ily home. She was born April 17, 1937, in Hanover Township, a daughter of the late Gordon and Evelyn Obitz Lane. Sandra was a graduate of Hanover High School and a member of the Buttonwood Congregational Church. She had been employed by the Acme Markets and at the Hanover Bank. Sandra was a member of the Christian Woman’s Club of Wilkes-Barre. She was preceded in death by sisters, Margaret Rindgen, Dorcas Trischuk, Shirley Yudisky and Fay Lane; and a brother, Gordon Lane. Surviving are her husband of 45 years, Henry C. Graboske; children, Henry C. Graboske II, and his wife, Jonell, of Hanover Township; Robert M. Graboske and his spouse, Amy, of Hanover Township; Jennifer Gribble and her husband, Jason, of Bloomingdale, and Michael L. Graboske and his spouse, April, of

Hanover Township; six granddaughters, Alexa Jane and Alivia Marie Graboske, Kiley C. and Kenley G. Graboske, and Hadassah R. and Samantha S. Graboske; a brother, George (Jake) Lane, of Seattle, Wash.; as well as numerous nieces and nephews. Funeral service will be held at 10 a.m. Monday at the Buttonwood Congregational Church, with the Rev. John Pugh, pastor, officiating. Interment will be in the Hanover Green Cemetery. Friends may call from 3 to 7 p.m. today at the S.J. Grontkowski Funeral Home, 530 W. Main St., Plymouth, and from 9:30 a.m. until the time of service Monday at the Buttonwood Congregational Church. In lieu of flowers, memorial contributions, if desired, may be made to the Buttonwood Congregational Church; or to the charity of the donor’s choice. Please visit www.sjgrontkowskifuneralhome.com to submit online condolences.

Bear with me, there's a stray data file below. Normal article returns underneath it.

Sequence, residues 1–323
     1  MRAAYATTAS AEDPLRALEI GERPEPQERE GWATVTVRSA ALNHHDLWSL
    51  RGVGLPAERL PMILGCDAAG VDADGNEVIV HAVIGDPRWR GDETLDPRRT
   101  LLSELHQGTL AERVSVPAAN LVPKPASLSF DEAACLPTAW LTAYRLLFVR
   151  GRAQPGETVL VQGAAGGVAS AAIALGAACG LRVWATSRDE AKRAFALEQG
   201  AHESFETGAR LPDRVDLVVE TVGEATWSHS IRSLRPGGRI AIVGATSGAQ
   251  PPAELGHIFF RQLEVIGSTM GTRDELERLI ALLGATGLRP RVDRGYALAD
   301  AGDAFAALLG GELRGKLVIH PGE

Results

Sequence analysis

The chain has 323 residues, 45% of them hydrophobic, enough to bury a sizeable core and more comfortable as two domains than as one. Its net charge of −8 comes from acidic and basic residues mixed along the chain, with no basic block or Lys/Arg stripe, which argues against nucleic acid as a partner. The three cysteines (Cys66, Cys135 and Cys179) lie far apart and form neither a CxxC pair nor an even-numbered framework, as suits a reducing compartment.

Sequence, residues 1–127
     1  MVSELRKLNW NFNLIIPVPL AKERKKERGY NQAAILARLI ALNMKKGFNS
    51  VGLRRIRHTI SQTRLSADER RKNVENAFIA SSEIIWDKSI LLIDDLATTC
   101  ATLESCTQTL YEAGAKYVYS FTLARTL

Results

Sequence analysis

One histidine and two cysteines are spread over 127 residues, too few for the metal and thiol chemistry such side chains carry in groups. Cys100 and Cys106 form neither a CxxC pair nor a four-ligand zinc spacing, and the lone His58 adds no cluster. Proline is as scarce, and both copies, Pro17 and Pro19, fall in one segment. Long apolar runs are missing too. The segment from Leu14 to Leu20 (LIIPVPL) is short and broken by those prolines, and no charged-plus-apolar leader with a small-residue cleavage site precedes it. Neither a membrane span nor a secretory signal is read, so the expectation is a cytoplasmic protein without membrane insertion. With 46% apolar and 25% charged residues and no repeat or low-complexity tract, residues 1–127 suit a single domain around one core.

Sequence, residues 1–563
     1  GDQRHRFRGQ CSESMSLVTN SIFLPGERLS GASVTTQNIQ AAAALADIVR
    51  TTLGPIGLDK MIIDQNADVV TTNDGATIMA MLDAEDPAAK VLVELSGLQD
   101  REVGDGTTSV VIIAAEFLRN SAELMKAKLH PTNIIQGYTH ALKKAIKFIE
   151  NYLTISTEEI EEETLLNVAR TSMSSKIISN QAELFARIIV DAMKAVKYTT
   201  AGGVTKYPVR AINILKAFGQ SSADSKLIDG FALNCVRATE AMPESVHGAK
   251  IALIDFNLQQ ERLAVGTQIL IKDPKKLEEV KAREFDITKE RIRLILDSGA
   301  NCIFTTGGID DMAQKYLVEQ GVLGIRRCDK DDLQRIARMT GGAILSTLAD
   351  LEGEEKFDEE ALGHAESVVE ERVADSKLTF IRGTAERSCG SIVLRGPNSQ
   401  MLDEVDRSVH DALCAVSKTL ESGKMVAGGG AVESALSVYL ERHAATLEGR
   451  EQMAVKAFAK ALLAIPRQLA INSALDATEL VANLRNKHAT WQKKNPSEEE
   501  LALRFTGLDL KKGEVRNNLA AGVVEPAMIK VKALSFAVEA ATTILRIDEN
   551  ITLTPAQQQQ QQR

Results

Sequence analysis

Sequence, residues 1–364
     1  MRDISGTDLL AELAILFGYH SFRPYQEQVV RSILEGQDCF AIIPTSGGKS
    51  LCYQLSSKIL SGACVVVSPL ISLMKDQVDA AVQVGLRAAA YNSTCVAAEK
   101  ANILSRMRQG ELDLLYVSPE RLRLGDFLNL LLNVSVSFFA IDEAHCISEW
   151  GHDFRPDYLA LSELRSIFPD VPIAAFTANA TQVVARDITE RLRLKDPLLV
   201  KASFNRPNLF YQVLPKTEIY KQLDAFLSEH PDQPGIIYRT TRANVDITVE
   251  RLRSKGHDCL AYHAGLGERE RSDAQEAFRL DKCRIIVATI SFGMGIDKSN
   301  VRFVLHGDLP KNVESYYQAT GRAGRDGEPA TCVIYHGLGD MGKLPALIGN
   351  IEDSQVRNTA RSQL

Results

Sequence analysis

Thomas Joseph Hudak Sr. June 15, 2011

Joseph J. Elgonitis October 13, 2011

October 13, 2011, at his home. He resided in Nanticoke since 1972 and previously in Hanover Township. Born on April 13, 1930, in Hanover Township, he was a son of the late John and Anna Chupcavich Elgonitis. He graduated from the former Hanover Memorial High School, class of 1949. Upon graduating, he was a manager for Melody Shoe Co., Wilkes-Barre, until being inducted into the U.S. Army in 1954. Joseph served with the Allied occupation in Germany as a driver and mechanic and attained the rank of Specialist 3rd Class. During that time, he embraced the opportunity to travel throughout Europe, and he often reminisced on those times and loved to share stories of his experiences and journeys. After his return, he was employed as a manager at the former Alta Products, Hanover Township, for many years and was last employed at Techneglas as a technician until his retirement. He was an active member of the

Status of washed out bridge is discussed

Board approves construction orders

Emil Katona

oseph J. Elgonitis, 81, of Seneca Drive, Nanticoke, passed away Junexpectedly Thursday morning,

December 2011. Township Manager Kathleen Sebastian said Borton-Lawson, an engineering and architectural firm, has requested a fifth extension due to contractual and other issues. Sarah Hite